What Felix Acevedo, 28, didn’t know was that law enforcement officers had intercepted the package and removed the deadly synthetic opioid -- which authorities say is 50 times more potent than heroin and up to 100 times more powerful than morphine.
Acevedo could be sent to federal prison for life under federal sentencing guidelines. It won’t be that long but will still be lengthy under the terms of a plea deal he reached with the government.
Exactly how long ordinarily depends on how much a convict cooperates with federal authorities looking to prosecute others for their roles in moving sizable amounts of drugs.
Either way, Acevedo will have to serve just about all of whatever term U.S. District Judge Katharine S. Hayden gives him because there’s no parole in the federal prison system. Sentencing was scheduled for March 2, 2020.
Acevedo collected the package on Feb. 20 in Clifton after conspiring with others to sell it, U.S. Attorney Craig Carpenito said.
Before then, “law enforcement had interdicted the parcel prior to its delivery and removed the 997 grams of fentanyl” that was inside, Carpenito said.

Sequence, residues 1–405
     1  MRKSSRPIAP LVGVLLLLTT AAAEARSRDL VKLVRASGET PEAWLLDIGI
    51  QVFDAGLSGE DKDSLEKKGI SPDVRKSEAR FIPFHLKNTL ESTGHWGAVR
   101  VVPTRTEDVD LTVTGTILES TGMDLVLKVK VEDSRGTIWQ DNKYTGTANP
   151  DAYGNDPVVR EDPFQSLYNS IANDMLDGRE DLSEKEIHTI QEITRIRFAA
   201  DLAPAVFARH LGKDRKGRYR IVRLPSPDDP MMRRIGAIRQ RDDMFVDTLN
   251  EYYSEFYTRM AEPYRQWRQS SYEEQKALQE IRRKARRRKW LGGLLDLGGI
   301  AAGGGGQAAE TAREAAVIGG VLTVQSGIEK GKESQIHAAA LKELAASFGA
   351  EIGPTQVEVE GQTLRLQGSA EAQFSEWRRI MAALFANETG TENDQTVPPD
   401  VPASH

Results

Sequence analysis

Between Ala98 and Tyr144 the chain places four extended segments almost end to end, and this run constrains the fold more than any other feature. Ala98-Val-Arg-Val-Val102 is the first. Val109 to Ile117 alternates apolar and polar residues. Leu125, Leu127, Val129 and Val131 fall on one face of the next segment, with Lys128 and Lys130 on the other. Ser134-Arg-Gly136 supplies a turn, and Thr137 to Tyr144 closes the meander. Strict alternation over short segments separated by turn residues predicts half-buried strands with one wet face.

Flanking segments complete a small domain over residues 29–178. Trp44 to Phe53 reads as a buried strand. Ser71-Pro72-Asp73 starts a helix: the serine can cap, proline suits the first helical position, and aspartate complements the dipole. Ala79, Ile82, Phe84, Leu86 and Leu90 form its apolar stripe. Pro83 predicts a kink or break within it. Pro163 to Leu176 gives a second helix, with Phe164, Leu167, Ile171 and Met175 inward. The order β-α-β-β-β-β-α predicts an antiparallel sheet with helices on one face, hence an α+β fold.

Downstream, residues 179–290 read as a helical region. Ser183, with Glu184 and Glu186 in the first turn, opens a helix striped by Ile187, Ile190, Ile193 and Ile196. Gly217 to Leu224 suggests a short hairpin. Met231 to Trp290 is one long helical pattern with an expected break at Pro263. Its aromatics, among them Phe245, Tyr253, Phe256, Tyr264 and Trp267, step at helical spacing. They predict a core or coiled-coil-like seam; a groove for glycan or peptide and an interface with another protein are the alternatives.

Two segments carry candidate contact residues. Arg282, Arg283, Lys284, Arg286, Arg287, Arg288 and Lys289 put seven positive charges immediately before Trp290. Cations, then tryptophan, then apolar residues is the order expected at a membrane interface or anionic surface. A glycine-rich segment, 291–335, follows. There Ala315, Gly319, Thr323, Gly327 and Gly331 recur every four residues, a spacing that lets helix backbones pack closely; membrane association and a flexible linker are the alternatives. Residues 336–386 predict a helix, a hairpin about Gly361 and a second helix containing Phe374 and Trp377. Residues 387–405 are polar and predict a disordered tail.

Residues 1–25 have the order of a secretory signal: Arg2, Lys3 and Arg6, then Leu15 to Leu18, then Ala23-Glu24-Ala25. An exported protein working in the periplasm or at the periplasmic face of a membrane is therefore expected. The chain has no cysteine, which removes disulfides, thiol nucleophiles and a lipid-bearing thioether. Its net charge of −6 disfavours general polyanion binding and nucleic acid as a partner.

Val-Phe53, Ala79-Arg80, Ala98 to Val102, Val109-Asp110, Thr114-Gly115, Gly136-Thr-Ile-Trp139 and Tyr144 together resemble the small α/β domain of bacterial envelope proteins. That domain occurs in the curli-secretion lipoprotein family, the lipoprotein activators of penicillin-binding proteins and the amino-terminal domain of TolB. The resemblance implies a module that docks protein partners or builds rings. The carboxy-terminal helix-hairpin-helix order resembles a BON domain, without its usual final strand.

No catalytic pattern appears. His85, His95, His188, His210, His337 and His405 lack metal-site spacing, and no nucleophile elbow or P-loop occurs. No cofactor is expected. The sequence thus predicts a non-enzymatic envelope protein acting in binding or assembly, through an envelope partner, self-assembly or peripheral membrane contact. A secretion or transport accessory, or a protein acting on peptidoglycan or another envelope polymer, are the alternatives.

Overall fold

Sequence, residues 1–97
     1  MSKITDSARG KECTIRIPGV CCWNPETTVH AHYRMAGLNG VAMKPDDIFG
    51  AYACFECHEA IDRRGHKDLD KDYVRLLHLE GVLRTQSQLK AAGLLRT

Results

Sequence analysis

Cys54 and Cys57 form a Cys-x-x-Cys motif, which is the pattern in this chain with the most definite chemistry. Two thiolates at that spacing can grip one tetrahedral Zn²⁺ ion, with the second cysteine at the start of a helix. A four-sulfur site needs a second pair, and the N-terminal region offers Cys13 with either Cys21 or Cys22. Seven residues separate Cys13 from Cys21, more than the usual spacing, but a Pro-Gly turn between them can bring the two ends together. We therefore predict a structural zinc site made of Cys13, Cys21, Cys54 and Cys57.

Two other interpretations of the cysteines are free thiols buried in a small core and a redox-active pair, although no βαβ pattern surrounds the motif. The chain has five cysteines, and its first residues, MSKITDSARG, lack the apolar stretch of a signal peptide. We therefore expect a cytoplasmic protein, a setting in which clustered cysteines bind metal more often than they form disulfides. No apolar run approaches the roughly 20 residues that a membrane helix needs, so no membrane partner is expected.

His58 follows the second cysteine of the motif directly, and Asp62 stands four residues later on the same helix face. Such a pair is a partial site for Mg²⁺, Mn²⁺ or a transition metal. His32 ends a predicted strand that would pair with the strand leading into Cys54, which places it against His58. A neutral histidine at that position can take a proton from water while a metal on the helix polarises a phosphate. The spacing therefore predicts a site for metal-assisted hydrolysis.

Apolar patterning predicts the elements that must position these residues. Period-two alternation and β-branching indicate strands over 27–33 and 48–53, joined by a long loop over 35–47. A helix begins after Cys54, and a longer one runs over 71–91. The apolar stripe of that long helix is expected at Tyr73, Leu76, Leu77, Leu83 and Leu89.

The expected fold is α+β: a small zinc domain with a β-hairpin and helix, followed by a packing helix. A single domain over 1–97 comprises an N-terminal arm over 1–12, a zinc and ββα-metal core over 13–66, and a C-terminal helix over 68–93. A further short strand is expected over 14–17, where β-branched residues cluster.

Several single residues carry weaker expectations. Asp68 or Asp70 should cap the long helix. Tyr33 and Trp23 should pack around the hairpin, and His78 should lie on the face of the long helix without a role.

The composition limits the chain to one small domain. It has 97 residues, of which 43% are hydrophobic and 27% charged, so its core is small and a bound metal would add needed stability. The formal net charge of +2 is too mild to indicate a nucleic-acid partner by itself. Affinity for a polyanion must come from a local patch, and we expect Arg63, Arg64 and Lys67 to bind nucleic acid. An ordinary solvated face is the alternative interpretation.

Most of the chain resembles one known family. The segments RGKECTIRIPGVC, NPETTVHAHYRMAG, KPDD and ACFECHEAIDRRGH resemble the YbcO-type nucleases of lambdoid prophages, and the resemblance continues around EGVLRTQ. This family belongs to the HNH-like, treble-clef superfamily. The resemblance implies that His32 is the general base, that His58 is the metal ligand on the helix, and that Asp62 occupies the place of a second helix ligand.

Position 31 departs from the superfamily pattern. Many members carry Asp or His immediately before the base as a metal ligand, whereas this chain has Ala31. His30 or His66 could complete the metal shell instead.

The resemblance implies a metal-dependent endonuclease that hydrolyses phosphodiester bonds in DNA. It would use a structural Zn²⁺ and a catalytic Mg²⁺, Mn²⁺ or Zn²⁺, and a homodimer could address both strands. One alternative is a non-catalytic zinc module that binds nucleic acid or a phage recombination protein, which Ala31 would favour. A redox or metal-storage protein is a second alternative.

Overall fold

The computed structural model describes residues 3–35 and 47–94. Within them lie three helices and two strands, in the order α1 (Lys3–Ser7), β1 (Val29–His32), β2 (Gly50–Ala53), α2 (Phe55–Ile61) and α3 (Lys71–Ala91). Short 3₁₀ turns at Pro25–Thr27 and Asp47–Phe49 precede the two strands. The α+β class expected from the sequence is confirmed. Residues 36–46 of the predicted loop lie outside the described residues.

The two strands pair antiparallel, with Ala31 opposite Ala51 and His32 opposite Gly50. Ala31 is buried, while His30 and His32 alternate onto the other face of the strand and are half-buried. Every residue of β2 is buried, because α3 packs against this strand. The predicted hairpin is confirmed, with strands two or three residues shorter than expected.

Developed for pain management treatment of cancer patients, fentanyl is often mixed in with heroin by dealers without the users' knowledge. According to the DEA, two milligrams of fentanyl is considered a lethal dose.
(There are 453,592 milligrams in a pound.)
Acevedo, who reached a plea deal with the government in exchange for leniency, is scheduled to be sentenced on
Carpenito credited special agents of the FBI and inspectors with the U.S. Postal Inspection Service with the investigation leading to the guilty plea.
Assistant U.S. Attorney Francesca Liquori of the U.S. Attorney’s Organized Crime Drug Enforcement Task Force/Narcotics Unit in Newark negotiated the plea.
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